Living on hope

The last time they beat me up they said, “this time we are giving you the chance to live, but next time we will not.”


“I was born in the Congolese city of Kinshasa. I grew up there until I was 11 years old. When my dad received a promotion, we moved to the east of Congo and I finished high school in a city called Decoma.

I was finishing my degree in computer programming when I got a job with the Red Cross to help abused women and children. I advocated for their rights through the media. Consequently, the people who speak for right things will always be in danger in my country. Several times, as I drove home at night, after finishing work for the day, I was beaten up. I never knew when it would happen. The last time they beat me up they said, “This time we are giving you the chance to live, but next time we will not.”

After I received a series of threats, I left my hometown and ran until I got to a refugee camp in Uganda. I had left my job, my family, and it was difficult to begin a new life. I went from a good life to nothing.

When I arrived at the camp, I went to the police to tell them that I was a refugee. I didn’t have any personal documents so I was asked many questions, fingerprinted, and had to wait to be approved before I could receive any food.

When I was finally approved, I was given a ticket that allowed me to receive food, take the bus, and be assigned an apartment through the UNHCR.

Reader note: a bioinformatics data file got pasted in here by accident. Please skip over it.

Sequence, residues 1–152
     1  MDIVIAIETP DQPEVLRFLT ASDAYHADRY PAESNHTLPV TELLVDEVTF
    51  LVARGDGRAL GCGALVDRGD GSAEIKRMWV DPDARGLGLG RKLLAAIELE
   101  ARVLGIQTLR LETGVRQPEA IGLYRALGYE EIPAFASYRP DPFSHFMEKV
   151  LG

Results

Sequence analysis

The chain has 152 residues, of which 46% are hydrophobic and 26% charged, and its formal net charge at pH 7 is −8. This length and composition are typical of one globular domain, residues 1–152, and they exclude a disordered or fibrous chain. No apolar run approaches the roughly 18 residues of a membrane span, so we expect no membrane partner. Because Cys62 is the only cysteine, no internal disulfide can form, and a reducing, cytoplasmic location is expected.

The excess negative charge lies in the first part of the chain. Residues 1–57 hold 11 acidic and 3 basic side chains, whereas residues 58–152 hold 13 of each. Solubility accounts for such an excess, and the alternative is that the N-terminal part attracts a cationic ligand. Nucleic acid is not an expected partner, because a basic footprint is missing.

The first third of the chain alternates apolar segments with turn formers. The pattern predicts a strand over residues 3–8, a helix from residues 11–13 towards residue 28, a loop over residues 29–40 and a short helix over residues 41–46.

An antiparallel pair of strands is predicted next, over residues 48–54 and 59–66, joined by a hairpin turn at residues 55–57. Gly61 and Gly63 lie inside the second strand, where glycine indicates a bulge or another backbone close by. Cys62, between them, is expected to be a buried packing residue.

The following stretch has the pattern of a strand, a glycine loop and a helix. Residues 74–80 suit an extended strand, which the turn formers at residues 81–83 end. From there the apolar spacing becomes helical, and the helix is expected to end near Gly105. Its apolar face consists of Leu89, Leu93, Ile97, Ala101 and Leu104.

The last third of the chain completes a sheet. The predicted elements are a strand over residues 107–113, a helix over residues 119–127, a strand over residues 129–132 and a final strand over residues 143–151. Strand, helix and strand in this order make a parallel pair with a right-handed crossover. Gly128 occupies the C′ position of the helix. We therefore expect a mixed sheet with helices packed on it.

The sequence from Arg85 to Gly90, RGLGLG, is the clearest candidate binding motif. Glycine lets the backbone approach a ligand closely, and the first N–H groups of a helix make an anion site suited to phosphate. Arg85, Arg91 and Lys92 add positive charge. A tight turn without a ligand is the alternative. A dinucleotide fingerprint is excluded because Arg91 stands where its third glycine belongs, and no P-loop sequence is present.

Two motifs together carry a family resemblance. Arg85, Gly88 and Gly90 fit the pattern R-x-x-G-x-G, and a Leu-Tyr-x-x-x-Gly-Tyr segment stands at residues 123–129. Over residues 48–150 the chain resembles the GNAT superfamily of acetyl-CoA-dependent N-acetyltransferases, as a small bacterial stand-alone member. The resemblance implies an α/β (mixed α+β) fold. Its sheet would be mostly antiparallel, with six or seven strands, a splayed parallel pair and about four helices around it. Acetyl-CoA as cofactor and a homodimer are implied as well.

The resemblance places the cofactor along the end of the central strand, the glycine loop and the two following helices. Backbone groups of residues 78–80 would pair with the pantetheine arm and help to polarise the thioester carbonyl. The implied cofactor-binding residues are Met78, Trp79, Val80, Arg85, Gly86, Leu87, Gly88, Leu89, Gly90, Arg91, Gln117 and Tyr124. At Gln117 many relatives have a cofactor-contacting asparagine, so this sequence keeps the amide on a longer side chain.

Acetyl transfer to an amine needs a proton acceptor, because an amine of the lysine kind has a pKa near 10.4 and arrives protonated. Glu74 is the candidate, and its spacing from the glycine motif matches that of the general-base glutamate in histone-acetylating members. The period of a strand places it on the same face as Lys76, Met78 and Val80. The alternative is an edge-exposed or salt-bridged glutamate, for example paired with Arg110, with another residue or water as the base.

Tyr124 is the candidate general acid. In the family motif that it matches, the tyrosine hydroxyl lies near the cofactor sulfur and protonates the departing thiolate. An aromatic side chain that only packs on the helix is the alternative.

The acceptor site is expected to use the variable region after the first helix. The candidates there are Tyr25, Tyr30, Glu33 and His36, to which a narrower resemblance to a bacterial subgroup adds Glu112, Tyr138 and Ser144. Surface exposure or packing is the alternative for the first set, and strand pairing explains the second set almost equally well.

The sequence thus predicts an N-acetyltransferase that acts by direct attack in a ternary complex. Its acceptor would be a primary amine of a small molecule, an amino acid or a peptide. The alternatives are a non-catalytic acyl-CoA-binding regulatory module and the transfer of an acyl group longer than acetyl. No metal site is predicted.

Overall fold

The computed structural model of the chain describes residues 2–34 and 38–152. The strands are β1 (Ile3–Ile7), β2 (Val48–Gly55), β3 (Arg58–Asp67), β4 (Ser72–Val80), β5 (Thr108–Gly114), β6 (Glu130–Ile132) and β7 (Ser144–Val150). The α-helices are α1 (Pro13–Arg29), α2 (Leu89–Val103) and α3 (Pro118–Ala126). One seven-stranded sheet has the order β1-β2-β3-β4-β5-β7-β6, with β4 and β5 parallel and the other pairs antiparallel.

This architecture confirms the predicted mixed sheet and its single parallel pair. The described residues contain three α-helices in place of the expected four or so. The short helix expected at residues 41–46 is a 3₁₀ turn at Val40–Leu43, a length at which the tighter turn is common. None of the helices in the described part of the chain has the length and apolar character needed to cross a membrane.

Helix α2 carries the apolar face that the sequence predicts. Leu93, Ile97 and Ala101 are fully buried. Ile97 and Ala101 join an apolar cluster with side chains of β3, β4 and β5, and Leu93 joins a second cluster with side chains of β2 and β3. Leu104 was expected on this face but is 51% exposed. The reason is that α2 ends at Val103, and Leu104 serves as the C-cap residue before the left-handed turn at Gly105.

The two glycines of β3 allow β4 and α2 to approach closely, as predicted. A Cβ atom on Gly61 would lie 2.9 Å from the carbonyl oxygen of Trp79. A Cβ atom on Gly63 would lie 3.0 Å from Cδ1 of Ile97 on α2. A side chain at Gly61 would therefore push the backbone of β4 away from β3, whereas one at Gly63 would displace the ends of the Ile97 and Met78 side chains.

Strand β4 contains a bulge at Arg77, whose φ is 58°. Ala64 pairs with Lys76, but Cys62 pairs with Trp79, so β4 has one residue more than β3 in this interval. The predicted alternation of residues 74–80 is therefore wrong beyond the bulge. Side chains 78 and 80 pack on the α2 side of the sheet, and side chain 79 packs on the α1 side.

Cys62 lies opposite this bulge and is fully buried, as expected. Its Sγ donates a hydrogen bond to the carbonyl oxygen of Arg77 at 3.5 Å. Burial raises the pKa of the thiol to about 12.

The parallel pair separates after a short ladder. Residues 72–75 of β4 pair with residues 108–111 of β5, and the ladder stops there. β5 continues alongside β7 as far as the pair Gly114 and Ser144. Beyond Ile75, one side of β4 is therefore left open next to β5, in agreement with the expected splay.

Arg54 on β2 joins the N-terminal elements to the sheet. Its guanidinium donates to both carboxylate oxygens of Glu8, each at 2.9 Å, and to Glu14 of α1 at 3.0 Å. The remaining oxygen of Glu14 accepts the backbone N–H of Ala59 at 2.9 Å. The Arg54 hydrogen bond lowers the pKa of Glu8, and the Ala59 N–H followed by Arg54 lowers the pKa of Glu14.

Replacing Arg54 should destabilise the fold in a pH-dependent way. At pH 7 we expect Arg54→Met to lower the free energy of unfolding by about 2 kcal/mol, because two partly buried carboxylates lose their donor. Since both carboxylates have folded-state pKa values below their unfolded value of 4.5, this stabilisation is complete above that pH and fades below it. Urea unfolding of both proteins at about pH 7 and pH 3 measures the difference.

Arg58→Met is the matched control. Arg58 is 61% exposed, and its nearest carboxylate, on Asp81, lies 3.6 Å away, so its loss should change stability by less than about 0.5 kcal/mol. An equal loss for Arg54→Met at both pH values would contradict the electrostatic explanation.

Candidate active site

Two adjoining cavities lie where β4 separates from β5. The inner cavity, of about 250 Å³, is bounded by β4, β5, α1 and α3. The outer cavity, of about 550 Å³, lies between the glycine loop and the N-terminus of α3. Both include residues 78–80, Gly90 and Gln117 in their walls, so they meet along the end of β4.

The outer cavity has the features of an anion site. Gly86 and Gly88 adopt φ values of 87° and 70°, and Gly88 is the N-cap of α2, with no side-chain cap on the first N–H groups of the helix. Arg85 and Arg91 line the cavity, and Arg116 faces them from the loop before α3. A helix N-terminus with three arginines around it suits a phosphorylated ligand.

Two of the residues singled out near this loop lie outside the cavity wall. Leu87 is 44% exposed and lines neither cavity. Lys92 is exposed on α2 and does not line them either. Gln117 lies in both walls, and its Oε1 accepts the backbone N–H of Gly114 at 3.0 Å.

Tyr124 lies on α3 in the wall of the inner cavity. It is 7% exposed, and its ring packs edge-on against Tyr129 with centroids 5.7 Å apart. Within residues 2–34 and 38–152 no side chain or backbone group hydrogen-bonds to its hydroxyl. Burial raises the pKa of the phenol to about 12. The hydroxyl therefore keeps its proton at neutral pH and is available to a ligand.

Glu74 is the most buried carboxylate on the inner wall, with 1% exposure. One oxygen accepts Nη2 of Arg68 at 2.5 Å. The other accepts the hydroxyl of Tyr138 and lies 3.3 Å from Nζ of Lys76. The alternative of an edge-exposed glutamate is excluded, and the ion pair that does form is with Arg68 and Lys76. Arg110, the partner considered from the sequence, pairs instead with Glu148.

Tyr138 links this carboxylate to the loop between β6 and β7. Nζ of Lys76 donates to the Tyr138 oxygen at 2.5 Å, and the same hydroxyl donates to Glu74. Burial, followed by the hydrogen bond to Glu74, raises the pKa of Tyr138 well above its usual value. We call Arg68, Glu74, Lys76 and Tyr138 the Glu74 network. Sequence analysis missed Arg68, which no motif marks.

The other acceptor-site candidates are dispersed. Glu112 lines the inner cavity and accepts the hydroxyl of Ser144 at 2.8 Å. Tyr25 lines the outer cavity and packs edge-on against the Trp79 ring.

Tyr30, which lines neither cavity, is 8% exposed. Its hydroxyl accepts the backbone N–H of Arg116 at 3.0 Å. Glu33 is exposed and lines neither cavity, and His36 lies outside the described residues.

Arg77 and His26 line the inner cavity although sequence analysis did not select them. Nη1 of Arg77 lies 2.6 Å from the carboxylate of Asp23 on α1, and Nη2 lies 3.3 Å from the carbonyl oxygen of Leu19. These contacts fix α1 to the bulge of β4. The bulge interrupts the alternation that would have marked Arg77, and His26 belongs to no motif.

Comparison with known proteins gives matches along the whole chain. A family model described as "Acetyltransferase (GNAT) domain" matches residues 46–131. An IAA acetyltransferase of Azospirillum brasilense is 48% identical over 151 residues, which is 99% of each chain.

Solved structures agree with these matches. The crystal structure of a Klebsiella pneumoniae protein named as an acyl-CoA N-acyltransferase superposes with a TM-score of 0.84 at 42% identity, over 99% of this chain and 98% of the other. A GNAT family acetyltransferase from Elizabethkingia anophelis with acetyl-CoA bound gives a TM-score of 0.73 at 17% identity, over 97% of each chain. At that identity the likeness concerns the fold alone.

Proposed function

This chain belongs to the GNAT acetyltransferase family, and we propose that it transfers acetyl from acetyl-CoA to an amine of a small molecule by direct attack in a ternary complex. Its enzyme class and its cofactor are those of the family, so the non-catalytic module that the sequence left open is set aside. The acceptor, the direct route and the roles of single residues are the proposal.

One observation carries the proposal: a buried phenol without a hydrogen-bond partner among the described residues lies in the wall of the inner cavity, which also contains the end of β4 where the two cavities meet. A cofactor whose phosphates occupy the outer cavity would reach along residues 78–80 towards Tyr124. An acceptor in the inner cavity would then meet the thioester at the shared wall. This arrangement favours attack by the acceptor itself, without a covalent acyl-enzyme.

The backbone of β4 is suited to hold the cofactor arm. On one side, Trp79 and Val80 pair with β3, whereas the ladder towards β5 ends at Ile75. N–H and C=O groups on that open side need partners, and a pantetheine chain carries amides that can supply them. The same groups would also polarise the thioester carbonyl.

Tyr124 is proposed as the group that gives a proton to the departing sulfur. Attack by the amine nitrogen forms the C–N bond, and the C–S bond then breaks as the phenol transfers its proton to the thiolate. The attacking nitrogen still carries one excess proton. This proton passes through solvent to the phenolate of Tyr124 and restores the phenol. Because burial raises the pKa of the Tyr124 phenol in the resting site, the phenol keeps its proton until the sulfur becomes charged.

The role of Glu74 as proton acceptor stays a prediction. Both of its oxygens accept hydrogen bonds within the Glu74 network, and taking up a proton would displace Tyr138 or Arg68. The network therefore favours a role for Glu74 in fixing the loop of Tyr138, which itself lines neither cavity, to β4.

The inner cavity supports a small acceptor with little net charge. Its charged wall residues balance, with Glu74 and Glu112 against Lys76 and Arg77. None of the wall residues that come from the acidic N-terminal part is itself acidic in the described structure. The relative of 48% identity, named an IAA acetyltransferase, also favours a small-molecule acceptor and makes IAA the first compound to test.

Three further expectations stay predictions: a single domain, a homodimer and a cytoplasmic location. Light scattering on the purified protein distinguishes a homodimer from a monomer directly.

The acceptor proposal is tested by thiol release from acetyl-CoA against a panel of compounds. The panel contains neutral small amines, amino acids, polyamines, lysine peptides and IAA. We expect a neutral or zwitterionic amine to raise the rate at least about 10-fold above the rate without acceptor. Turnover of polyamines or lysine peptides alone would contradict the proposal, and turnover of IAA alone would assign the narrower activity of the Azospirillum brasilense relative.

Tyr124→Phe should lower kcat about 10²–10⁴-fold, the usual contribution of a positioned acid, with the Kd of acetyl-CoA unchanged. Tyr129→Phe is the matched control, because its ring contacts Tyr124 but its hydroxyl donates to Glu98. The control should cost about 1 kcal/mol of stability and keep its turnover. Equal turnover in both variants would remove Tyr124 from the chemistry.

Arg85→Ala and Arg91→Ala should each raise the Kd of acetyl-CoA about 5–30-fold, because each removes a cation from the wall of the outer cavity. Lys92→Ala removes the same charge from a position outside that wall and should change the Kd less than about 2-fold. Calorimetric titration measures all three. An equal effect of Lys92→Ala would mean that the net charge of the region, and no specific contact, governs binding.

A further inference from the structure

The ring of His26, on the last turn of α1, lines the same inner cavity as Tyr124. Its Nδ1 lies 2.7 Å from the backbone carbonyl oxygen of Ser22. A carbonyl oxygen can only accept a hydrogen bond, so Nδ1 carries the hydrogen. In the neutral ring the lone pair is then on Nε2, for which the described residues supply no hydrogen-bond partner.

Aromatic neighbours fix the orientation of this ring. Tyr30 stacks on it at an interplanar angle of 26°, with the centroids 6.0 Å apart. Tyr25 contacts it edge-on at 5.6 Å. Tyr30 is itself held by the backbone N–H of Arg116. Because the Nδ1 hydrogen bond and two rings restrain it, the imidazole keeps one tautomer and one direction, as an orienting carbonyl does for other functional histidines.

Life is not easy as a refugee in Uganda. It’s like being in a prison. The water was unclean. The camp was unsafe. People were dying because they could not access medicine or healthcare. Many women were raped.

For me it was not easy. As a refugee you sleep and wake up and you live a life that you have not lived before." 

Most of the people in the refugee camp live on hope.


"One day, I went to see some of the authorities. They told me that because I had finished school and spoke English, they would give me a job. After I began working, I started feeling a little better about my life. I worked as a repair technician. I hadn’t been trained to be a technician, but I figured it out on the job. After that they gave me a job as a social worker. I then worked as an interpreter for two years.

Two months after I arrived in Uganda, my brother and sister showed up in the camp. I was so surprised. It was a total coincidence that they found me. They left home because life was too dangerous. They told me that my father and older brother had been killed. They didn’t know where our mother was. My sister told me that she had been raped right before they fled to the camp and she soon found out that she was pregnant.

After three years together in the camp, my sister received a phone call that we would be sent to America. I have to say I never wanted to come to America, but I told her that I would go for her because I wanted her to be happy.

I want to go back to the Congo to be the president or in a political position, but I need to finish my master’s degree first.

If I could give advice to people still in the refugee camp, I would tell them not to lose hope. Most of the people in the refugee camp live on hope. No matter what people do to put refugees down, you must continue to live. You can have a new life!”

From: Congo
Refugee Camp: Nakivale Camp, Uganda
Current Location: United States
Family: sister and brother
Occupation: case manager for refugees
Age: 26